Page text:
WINDSOR, Ontario (Reuters) - Canada has agreed to Japan’s request to discuss the need for a stronger Chinese yuan at a February 5-6 meeting of G7 finance ministers and central bankers, Finance Minister Jim Flaherty said on Wednesday.
Flaherty told reporters that Japan’s finance minister had asked for the item to be on the agenda and that, as host nation, Canada would oblige.
The G7 has long urged China to allow more flexibility in its exchange rate, which critics say is kept artificially low, giving it an unfair export advantage and contributing to imbalances in the global economy.
“The new Japanese finance minister has been clear in his wish that ... we have this item on the agenda. So we will have it on the agenda, and we will discuss it together,” Flaherty said.
“It is a concern when people ask about the weakness in the American dollar, one has to look at the fact that some of the Asian currencies, including the Chinese currency, are artificially constrained,” he said.
Japan supports sending a “collective message” to China at the meeting, even though no final communique will be issued unlike past G7 meetings.
Flaherty did not clarify if such a message would be delivered at the end of the meeting via a joint finance ministers’ press conference.
With the G20 -- which includes emerging heavyweights China, India and Brazil -- now taking over as the prime forum for global economic policy making, the smaller G7 group of rich nations will become less formal, and next month’s meeting will be more “in the nature of a fireside chat,” Flaherty said.
He also said that Russia’s announcement on Wednesday that it would invest some of its foreign exchange reserves in Canadian dollars was a vote of confidence in Canada’s solid fiscal standing, compared with that of the United States.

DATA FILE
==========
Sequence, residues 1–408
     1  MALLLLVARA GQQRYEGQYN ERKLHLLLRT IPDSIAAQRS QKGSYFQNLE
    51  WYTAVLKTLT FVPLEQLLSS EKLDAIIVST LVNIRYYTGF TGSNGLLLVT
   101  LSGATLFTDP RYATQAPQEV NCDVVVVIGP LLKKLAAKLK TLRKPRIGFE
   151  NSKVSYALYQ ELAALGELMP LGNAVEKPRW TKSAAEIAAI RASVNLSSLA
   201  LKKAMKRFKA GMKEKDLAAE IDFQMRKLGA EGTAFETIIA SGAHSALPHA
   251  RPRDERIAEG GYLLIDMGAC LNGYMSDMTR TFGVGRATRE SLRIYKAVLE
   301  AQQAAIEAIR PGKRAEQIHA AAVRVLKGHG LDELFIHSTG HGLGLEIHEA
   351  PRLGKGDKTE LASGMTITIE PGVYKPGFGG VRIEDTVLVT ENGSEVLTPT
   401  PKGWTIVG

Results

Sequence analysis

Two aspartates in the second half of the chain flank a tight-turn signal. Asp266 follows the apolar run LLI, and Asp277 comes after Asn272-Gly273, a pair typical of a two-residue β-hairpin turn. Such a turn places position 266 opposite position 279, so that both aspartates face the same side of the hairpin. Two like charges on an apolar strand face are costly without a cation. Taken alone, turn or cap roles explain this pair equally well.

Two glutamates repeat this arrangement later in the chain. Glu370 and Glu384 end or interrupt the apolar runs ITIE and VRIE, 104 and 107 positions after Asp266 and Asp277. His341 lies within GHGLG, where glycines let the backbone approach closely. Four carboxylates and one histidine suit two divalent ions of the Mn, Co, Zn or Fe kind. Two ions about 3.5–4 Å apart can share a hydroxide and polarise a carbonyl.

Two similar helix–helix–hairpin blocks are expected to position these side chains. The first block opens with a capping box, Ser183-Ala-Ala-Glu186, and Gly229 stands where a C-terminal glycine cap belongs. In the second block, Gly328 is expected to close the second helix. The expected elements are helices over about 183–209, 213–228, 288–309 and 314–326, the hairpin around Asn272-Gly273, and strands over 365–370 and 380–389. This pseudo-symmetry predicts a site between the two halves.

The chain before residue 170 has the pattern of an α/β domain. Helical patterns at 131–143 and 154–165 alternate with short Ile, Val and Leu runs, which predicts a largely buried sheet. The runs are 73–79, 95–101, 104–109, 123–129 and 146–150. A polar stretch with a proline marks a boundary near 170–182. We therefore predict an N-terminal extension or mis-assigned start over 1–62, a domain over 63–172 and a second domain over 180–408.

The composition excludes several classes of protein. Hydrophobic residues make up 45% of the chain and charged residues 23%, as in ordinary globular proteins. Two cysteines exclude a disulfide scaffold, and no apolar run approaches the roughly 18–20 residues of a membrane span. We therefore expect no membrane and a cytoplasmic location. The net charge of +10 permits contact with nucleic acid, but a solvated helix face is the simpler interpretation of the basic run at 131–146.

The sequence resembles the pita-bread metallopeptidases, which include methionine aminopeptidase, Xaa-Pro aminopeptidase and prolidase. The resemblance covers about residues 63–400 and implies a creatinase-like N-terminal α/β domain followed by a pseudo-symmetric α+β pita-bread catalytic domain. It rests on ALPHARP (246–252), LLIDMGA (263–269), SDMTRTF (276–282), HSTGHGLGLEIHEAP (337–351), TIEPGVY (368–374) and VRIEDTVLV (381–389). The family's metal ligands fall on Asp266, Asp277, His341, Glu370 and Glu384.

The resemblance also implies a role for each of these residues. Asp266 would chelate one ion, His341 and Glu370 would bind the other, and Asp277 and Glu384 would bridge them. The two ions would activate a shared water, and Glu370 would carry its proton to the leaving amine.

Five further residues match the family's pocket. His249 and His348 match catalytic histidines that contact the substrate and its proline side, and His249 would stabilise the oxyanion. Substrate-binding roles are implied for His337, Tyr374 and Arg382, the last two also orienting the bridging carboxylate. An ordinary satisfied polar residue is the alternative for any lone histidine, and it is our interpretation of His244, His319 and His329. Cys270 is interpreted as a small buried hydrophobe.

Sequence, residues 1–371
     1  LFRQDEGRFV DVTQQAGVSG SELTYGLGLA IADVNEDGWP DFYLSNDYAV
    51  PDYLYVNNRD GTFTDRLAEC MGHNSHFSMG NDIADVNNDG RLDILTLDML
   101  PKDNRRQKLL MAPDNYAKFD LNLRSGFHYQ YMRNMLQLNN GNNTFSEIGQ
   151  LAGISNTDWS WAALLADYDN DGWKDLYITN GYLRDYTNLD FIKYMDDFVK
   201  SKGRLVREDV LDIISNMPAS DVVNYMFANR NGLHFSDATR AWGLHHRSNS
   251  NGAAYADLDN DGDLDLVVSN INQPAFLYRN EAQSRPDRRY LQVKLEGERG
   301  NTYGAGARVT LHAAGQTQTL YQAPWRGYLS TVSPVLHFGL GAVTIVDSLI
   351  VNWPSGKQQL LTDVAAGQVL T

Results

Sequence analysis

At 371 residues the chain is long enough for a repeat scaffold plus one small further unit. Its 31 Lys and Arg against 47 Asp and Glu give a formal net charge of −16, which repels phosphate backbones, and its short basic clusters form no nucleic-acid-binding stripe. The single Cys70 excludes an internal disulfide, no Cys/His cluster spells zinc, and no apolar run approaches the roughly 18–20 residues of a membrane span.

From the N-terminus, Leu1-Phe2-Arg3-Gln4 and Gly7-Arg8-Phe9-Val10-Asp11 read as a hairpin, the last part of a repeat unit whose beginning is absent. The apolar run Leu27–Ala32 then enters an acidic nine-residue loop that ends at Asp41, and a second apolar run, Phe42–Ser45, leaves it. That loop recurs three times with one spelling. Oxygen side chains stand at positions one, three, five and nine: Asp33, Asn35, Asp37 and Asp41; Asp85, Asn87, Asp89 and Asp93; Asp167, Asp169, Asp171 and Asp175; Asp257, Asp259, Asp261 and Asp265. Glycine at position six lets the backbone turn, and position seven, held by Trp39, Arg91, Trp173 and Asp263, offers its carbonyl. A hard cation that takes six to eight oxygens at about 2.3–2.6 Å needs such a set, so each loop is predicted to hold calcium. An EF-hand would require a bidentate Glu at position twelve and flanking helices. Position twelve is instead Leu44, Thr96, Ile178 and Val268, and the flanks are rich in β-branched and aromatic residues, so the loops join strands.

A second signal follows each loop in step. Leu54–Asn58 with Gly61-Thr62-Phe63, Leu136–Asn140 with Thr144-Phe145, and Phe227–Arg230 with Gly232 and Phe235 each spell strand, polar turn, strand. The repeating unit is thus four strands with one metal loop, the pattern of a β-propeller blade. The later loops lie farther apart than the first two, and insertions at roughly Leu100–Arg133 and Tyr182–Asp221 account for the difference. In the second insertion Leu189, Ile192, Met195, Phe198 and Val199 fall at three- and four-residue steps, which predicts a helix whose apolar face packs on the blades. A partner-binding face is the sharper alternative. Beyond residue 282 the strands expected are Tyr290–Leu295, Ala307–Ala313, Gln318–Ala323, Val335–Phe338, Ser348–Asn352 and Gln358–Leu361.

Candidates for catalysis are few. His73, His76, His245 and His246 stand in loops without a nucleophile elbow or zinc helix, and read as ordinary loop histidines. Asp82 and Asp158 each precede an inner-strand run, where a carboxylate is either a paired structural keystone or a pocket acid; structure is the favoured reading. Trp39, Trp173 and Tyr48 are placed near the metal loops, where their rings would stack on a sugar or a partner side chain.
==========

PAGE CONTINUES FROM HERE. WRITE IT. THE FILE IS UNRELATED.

“Investments by other central banks in Canadian securities and (the) Canadian currency are a recognition of the fiscal health, relatively speaking, of Canada, which is strong,” he said.
As part of its diversification strategy, Russia has started investing some of its gold and foreign exchange reserves, the world’s third largest, in Canadian dollars. Last year, central bank officials said the Canadian dollar portion of Russia’s reserves would likely be smaller than the Japanese yen’s 2 percent.
On Tuesday, the Bank of Canada emphasized the strong Canadian dollar was a key factor weighing on economic growth this year, and the currency might hamper growth further if it rises further against the U.S. dollar.
Flaherty endorsed that diagnosis.
“I agree with the governor of the bank ... that the upward pressure on the Canadian dollar is very difficult for our exporters, particularly our manufacturers, who rely primarily on exports to the United States.”
But he called the strong currency a “double-edged sword” because it also helps Canadian businesses buy imported machinery and technology more cheaply.
Writing by Louise Egan; editing by Rob Wilson